I had an interesting discussion last week where a very capable manager was complaining about being stretched and not having sufficient time to capture the process. Critical information was trapped in the heads of key personnel and this made it difficult for new staff to get up to speed without impacting those experts. Also, many process and ownership related problems resurfaced on a regular basis because there was never time to capture the outcome of the previous debates. Focusing solely on business-as-usual [BAU] is a trap. Few companies want to simply maintain existing performance; most want to improve it in significant ways.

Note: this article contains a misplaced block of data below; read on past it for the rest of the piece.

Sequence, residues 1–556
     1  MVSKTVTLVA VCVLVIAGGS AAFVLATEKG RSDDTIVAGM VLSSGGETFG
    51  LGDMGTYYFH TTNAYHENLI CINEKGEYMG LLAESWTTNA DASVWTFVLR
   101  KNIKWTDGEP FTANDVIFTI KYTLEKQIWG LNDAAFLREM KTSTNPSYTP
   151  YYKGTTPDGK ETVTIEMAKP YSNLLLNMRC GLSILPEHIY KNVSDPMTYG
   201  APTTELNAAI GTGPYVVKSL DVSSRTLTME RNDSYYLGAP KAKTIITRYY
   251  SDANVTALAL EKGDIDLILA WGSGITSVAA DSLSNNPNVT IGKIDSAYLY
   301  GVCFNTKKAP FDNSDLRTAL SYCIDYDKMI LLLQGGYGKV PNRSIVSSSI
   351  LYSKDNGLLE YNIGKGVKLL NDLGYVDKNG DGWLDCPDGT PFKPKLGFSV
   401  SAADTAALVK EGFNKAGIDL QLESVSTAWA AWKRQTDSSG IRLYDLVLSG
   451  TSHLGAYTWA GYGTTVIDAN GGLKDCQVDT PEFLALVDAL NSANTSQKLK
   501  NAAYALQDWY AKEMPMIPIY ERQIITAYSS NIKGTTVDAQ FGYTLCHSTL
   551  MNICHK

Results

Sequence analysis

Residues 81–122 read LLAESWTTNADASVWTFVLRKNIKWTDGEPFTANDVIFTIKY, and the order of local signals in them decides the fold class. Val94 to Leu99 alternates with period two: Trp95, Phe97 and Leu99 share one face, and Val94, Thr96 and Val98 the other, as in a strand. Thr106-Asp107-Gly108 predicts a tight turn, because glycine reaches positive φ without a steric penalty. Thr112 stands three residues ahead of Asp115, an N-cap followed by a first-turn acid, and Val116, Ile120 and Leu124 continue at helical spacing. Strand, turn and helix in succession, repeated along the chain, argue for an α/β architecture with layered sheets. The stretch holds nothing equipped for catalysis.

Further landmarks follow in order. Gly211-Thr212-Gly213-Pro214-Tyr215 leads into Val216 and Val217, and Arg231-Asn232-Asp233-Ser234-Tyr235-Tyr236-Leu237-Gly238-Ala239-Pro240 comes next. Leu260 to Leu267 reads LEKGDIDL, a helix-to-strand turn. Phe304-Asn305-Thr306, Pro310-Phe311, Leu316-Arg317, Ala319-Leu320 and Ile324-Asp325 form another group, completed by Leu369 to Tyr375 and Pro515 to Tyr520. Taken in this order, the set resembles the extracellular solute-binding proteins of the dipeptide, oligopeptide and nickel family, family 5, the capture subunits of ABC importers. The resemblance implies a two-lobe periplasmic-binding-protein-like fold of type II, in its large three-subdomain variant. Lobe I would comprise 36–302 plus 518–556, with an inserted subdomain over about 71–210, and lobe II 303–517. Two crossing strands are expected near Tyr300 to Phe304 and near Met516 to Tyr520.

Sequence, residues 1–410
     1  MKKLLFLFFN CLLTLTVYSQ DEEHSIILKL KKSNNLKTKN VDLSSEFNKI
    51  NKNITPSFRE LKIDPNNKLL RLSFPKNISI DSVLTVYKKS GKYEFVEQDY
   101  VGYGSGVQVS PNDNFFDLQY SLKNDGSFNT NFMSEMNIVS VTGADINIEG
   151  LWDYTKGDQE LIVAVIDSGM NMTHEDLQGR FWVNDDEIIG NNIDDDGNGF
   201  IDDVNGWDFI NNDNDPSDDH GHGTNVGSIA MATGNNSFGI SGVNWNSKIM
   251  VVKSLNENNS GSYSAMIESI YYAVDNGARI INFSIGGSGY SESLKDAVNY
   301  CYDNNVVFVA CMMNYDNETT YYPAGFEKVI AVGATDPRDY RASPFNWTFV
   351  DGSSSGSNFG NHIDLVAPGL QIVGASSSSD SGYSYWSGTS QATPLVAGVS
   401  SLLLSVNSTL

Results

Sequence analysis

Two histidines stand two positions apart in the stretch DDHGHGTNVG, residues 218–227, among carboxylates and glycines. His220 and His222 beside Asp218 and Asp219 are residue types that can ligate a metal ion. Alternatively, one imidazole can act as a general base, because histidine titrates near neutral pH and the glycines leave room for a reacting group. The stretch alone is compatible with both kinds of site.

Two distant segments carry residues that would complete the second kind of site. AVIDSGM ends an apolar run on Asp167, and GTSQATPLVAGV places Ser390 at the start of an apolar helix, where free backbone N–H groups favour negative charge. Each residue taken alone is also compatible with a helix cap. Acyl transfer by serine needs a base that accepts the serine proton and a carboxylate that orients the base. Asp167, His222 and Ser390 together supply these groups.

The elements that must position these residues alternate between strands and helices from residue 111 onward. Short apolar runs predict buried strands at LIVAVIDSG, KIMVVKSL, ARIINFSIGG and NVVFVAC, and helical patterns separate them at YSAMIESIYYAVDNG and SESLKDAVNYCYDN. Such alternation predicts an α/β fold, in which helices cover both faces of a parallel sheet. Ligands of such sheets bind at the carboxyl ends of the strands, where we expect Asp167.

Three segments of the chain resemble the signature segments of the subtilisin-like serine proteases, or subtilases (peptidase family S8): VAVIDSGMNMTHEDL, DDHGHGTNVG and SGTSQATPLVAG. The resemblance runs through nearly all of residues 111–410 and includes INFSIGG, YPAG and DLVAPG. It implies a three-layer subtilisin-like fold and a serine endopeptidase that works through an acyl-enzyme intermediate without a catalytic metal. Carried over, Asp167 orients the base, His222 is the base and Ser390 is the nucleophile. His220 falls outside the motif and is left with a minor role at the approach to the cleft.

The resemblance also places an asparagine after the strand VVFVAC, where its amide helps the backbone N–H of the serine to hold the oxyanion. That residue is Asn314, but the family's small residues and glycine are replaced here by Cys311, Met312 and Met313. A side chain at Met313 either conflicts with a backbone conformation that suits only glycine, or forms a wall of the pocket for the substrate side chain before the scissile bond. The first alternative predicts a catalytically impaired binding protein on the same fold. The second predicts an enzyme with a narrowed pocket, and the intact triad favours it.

I’ve heard a few stories of late from people unhappy with the level of interference they are experiencing from managers who insist on particular ways of working. Ranging from detailed lists to hourly check-ins, this micromanagement undermines trust and subtracts value from both people and processes. It brings to mind several quotations but this one serves my purpose eloquently:
“The best executive is the one who has sense enough to pick good people to do what he wants done and self-restraint enough to keep from meddling with them while they do it.” – Theodore Roosevelt